The U.S. Navy faced a new and very different set of challenges in protecting President Franklin D. Roosevelt, who loved the sea, spending more days afloat than any U.S. president. It was not uncommon for new sailor-in-chief and his crew of amateur sailors to take to the sea in a small sailboat, sometimes for days at a time.
He would skillfully—and with a great deal of delight—evade his Navy and Secret Service guards, sailing his schooner, the Amberjack II, into secluded coves and narrow reaches where Navy and Coast Guard vessels—FDR called them “our wagging tail”—could not follow. In what may seem like a shocking lapse in security, by today’s standards, Navy and security guards were not permitted to travel on board FDR’s boats, but were relegated to trailing behind, trying desperately to keep up with the elusive President.
FDR once disappeared into the fog, cutting himself and the crew off from their escorts for several hours. During another sail, Roosevelt led the Navy to think he was going to navigate around Cape Ann when he suddenly decided to take a shortcut through the narrow and crooked Annisquam Canal. The Navy vessels could not make the six-mile trip through the narrow canal and were forced to race around the cape to meet Roosevelt on the other side.
Only three months after being sworn in as the United States’ 32nd president, Roosevelt was at the helm of a 45-foot twin-masted schooner on his way to a ten-day sailing vacation along the New England coast. His June 1933 400-mile trip began in Marion, Massachusetts, and ended at Campobello, New Brunswick, where FDR and his family maintained a summer home.
The trip marked the first time Secret Service agents and Navy commanders experienced sailing with—or tailing behind—the new President, a sport that became commonplace during Roosevelt’s 12 years in the White House. Presidential guards traded in their suits and ties for oilskins and life jackets as they did their best to keep up with America’s new sailor-President.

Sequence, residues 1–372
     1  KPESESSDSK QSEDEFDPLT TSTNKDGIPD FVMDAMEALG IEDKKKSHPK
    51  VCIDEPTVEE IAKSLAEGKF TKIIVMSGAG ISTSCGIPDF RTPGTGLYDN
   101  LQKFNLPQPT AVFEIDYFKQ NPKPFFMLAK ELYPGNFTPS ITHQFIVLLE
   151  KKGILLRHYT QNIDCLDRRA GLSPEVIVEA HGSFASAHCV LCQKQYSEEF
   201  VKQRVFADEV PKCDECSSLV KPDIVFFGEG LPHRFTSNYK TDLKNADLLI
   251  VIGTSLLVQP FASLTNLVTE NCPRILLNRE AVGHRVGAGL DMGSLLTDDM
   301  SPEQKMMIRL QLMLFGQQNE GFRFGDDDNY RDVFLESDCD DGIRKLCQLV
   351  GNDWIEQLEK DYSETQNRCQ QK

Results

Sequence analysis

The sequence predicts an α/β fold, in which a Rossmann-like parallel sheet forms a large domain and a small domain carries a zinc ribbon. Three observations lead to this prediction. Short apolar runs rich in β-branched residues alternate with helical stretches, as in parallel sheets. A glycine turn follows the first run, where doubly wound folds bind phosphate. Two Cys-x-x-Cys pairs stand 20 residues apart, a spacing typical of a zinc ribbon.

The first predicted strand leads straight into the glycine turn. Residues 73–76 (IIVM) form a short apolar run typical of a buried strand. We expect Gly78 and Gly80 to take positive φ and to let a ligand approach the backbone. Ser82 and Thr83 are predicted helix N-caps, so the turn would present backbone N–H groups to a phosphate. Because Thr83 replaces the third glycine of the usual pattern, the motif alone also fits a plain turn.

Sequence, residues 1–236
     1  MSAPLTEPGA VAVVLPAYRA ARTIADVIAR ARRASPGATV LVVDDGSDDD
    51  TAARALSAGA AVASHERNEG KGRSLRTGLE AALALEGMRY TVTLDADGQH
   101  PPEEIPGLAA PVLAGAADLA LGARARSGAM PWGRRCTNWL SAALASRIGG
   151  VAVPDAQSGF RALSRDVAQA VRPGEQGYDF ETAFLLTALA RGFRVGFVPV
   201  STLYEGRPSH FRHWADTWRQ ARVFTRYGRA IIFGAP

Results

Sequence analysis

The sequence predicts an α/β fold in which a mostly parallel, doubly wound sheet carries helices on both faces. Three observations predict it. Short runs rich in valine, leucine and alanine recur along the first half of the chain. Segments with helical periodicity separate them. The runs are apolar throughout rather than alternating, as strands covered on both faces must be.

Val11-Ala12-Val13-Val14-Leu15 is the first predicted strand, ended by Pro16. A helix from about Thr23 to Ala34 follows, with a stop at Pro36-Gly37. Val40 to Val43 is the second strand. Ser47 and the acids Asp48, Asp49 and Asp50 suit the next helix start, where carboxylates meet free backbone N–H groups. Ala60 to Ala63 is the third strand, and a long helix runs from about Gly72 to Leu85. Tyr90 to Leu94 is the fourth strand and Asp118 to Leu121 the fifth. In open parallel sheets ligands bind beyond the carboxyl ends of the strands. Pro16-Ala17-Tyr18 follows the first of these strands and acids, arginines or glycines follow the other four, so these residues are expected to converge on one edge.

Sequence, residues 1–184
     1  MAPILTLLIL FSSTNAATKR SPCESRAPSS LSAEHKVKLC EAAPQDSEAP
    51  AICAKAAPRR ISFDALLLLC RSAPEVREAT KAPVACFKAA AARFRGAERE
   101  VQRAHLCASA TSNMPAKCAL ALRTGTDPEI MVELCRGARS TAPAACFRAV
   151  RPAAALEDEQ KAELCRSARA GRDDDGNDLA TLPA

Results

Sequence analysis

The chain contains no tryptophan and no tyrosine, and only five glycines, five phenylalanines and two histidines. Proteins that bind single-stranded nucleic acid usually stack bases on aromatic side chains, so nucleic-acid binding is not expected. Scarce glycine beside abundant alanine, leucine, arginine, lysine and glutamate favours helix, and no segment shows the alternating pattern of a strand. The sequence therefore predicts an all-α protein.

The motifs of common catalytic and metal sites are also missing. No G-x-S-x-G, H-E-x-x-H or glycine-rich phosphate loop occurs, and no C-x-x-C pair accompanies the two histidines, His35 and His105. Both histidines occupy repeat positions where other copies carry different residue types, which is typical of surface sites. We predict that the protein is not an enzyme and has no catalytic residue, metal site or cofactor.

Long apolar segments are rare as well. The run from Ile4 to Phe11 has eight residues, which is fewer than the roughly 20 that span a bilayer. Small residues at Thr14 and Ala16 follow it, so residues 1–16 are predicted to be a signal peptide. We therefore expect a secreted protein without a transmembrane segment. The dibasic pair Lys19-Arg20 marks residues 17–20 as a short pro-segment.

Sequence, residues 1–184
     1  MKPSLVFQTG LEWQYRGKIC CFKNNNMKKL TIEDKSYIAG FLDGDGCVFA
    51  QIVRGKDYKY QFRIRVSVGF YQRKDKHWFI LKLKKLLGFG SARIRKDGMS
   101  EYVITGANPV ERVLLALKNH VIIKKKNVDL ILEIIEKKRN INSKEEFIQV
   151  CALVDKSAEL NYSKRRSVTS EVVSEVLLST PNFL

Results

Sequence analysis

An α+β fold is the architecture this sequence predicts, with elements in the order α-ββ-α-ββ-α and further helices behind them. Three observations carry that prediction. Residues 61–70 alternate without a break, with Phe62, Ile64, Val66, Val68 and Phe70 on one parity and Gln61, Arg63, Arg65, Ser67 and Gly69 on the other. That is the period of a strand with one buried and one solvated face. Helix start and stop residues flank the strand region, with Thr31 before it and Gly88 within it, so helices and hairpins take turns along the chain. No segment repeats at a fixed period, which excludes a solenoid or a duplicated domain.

On this trip, the weather turned decidedly bad, with eight-foot seas tossing the President’s boat around for five hours. FDR, remaining at the wheel the entire time, decided to make an impromptu stop at Nantucket Island, 30 miles off the coast of Massachusetts. The President became concerned after newspapermen in nearby press boats became, as he put it, “white around the gills,” showing unmistakable signs of seasickness. Navy destroyers and Coast Guard cutters did their best to keep up.
The entire town of Nantucket, once the whaling capital of the world, turned out to greet the nation’s new President. Enterprising islanders rowed people out for 25 cents a head to get a closer look at Roosevelt and his schooner, the Amberjack II, moored in the harbor. Town officials rowed out to see the president, pleading with him to come ashore. Roosevelt resisted this and all other efforts to get him to leave his boat during the cruise, noting that this was his vacation and that he did not “intend to set foot on dry land for two weeks.” He kept that promise.
But for 16-year-old Phyllis Norcross it was a day she would never forget. Phyllis and three of her Academy Hill classmates got out of school early in honor of the President’s visit. The girls ran down to Steamboat Wharf, where a raft used to unload seaplane passengers was located. Tied to the raft was a dinghy, which the girls “borrowed” and rowed out to see the President.
When they arrived, no one was on deck. Finally, after what seemed like ages, Jimmy Roosevelt, the President’s son, appeared. “Where’s your old man?” Phyllis yelled. “He’s having lunch,” replied Jimmy. The girls pleaded with Jimmy to have FDR at least pop his head out of the hatchway.
Jimmy eventually complied, and President Roosevelt appeared. “What are you having for lunch?” Phyllis asked. “Ham and eggs,” replied the President. “Would you like some?” Before they could take the President up on his invitation, a Navy patrol boat appeared and warned the girls to return the dinghy to the dock or face arrest. “We rowed back as fast as we could,” the Nantucket girl remembered, but she never tired of telling everyone that the President of the United States invited her to lunch!
At 0545 the next day, the President gave the order to weigh anchor, and the Amberjack II was under way, quietly gliding out of the harbor, again catching Navy and Coast Guard vessels by surprise. This was the beginning of what would be 12 years at sea for FDR and some immense challenges for those charged with keeping the United States' President safe.
Robert F. Cross is the author of Sailor in the White House: The Seafaring Life of FDR, published by Naval Institute Press. Sailor in the White House offers more stories about America’s greatest seafaring President and includes photographs of FDR at sea. For more information about this author, please visit his website here . Cross is on Twitter @robertfcross.